British Shorthair

British Shorthair

The biggest breed of shorthair cats

British shorthair is the biggest cat of the shorthaired type. After World War II the breed began to die out. Crossbreeding with Persian cats not only strengthened the population of these cats but also influenced the appearance of modern British shorthair cats.


iconCountry of origin: Great Britain
iconPersonality: Intelligent, Sociable, Even-tempered, Attached,
iconCoat: Shorthair
iconColour: Blue, Lilac, Cream, Red, Chocolate, Black, White
iconCharacteristics: Thick, plush fur, Round head and eyes
iconLife expectancy: from 14 to 20 years

British shorthair kittens

British shorthair cats are considered a rather problem-free breed - they quickly get accustomed to new situations, do great in contact with children and get along well with other animals. They are also quite intelligent cats - British shorthair kittens can master a plethora of tricks. Kittens tend to respond best to positive reinforcement training, so better have a stash of treats handy to motivate and reward your kitten with. Tuna Recipe and Kycklingfile can be a great reward for correctly performed tricks or good behaviour around the house. Remember that a healthy and well-balanced diet is a key factor in your kitten’s healthy growth and development. Before your kitten turns 1 year old feed him a special kitten formula rich in all the necessary nutrients.


British shorthair nutrition

Just like with any other large breed of domesticated cats, British shorthair cats reach their full maturity around 3 years of age. The longer maturing process does not mean that they should be fed a kitten diet for an extended period of time. Whenever a British shorthair cat turns 1 year old you should switch the diet to adult cat food. Feeding a formula developed specifically for your cat’s age is an important factor to keep your cat in the best physical shape possible. Cats of this breed can experience some joint issues and are somewhat predisposed to obesity. A diet rich in glucosamine will support the joint condition of your cat and the addition of l-carnitine can prevent your cat from becoming overweight.

Detailed description of British shorthair

British shorthair is among one of the biggest domesticated cat breeds. It’s a bulky looking cat with fur resembling plush or velvet.


It is believed that the ancestors of modern British shorthair cats came to Great Britain with Roman legions. At first, they were kept mainly as working cats for the killing of rodents. The breed gained its notoriety during a show in the Crystal Palace in the year 1871. The winner of the show, a silvery British shorthair cat belonging to a judge Harrison Weir has been pronounced the national cat of Great Britain. Back then the appearance of british cats was different from today’s breed standard - cats were big with large heads, round eyes and gentle but luscious coats. With the beginning of the 20th century, longhaired cats became a trend and British shorthair cat population began to dwindle. To save the breed from extinction British shorthair cats have been crossbreed with Persian cats.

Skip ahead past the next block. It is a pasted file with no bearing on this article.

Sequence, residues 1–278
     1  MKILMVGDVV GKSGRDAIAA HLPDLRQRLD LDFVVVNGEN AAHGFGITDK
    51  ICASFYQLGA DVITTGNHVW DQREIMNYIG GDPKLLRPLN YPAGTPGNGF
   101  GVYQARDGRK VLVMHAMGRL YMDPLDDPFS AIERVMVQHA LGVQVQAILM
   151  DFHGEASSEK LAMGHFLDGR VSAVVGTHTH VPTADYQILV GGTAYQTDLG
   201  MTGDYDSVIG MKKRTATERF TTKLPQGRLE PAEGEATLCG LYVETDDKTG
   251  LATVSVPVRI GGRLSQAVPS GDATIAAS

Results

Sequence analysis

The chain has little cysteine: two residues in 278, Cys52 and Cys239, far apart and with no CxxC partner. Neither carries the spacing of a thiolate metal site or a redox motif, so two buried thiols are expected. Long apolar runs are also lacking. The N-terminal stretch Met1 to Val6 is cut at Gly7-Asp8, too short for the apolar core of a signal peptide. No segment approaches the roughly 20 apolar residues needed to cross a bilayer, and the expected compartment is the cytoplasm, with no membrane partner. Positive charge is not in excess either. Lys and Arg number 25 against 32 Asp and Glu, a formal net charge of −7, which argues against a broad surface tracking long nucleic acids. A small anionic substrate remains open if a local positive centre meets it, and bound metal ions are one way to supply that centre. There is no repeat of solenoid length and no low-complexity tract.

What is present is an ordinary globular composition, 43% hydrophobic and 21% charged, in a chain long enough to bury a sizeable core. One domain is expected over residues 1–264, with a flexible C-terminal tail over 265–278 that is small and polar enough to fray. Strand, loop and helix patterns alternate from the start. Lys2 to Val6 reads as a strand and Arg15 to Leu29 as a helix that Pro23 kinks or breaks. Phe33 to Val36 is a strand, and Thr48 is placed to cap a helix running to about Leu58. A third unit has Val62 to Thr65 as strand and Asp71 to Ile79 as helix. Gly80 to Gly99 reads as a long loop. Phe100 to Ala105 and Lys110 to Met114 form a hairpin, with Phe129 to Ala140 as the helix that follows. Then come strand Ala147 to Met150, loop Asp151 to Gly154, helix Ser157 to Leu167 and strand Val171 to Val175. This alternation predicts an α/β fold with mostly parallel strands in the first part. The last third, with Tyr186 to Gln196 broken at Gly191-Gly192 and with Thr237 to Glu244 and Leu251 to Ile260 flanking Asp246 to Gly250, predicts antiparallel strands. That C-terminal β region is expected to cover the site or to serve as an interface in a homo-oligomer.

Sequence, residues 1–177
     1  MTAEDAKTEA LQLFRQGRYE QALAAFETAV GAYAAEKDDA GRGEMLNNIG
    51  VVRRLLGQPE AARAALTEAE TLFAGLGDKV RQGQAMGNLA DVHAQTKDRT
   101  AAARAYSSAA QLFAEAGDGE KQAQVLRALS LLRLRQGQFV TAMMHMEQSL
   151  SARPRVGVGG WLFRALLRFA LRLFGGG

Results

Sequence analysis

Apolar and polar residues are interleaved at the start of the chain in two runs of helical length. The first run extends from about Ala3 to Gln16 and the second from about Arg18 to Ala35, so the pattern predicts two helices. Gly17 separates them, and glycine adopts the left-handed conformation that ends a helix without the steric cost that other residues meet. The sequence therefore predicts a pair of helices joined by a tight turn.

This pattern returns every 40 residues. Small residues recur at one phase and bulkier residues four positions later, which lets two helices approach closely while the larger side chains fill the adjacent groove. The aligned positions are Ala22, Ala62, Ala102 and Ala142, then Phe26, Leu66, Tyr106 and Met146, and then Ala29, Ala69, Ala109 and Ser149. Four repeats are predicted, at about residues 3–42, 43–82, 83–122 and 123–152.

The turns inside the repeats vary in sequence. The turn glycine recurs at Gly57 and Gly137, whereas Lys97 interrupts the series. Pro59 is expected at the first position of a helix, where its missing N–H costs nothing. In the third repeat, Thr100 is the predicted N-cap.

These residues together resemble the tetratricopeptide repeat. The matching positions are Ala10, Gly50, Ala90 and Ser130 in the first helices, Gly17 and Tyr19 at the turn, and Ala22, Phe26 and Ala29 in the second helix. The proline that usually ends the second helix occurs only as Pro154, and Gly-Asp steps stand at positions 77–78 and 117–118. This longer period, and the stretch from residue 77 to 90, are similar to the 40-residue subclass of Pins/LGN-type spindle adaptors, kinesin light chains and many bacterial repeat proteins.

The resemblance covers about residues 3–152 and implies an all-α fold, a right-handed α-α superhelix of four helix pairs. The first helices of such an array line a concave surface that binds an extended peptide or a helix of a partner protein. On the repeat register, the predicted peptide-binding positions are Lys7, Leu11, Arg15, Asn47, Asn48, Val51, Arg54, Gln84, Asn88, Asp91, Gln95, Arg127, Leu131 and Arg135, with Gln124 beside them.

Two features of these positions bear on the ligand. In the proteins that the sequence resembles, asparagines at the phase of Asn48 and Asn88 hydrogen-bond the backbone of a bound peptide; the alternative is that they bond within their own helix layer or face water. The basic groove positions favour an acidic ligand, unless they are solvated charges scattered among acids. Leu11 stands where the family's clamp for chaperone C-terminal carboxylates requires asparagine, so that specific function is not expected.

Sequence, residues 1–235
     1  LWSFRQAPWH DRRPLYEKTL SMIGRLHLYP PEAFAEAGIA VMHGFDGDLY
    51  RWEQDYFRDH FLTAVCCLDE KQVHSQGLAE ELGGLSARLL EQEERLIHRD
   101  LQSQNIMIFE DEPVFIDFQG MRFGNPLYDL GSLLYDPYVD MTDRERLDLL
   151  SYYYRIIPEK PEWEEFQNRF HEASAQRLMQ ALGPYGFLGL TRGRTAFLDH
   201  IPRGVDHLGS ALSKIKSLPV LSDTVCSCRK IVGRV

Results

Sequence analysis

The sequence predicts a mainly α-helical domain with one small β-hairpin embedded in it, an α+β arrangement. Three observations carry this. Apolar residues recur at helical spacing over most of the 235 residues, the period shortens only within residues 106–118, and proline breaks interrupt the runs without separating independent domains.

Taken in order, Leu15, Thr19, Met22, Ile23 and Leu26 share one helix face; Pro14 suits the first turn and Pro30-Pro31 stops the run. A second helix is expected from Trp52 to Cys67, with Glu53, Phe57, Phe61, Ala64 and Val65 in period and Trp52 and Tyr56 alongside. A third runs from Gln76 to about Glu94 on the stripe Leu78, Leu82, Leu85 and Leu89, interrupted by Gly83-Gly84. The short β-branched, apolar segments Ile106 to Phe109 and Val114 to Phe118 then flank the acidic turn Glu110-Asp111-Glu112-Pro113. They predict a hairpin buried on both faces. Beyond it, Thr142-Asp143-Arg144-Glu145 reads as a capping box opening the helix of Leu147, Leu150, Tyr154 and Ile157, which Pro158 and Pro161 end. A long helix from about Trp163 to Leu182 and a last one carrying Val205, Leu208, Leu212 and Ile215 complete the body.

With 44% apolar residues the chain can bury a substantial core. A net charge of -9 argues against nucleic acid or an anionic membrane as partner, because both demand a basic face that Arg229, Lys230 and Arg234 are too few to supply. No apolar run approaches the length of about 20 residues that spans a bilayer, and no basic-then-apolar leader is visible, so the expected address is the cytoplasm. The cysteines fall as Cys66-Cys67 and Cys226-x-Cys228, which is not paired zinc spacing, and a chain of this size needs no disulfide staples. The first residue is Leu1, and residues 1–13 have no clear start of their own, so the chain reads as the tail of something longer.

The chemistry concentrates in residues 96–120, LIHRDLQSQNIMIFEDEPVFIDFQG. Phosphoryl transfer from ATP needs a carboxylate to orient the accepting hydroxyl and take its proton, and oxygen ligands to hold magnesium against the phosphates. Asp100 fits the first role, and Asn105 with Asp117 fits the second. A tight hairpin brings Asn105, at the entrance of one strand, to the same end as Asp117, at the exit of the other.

Today’s appearance of British shorthair cats is quite a bit different from the breed’s progenitors. Modern-day British shorthair cats are more massive and bulky. Bigger head, wider cheeks and the shape of the nose cats of this breed owe to Persian cats with which they were crossbred with after World War II. British shorthair cats have round and big eyes, usually coloured dark orange, copper, blue or green. British shorthair cats are commonly seen with each eye in a different colour. British cats have strongly built bodies, short but bulky legs, thick and not too long tails with visibly rounded tips and small ears set wide apart on their round heads. Their famous blue coat British cats got from Chartreux cats.



British shorthair cats are sociable, friendly and can get attached to their humans in no time. Cats of this breed are very intelligent and calm cats that like their playtime in moderation. Despite their placid nature and great response to almost any touch (which makes them great companions for children), British shorthair cats do not like to be carried around. British shorthairs are not too fond of climbing, they will be more than happy to lounge around on the floor or the couch.


British shorthair cats are not the biggest fans of climbing, so they do not need tall cat trees. They need moderate physical activity throughout the day. British shorthair cats are rather big in size, so they do need their litterbox, cat bed or scratching posts to be a bit bigger and more sturdy.

Daily care

British shorthair cats do require daily brushing to help remove the dead hair. Apart from regular brushing, they need only the standard care treatments, such as trimming of the nails and cleaning of the ears.

Dr Anna Plummer

Vet and blogger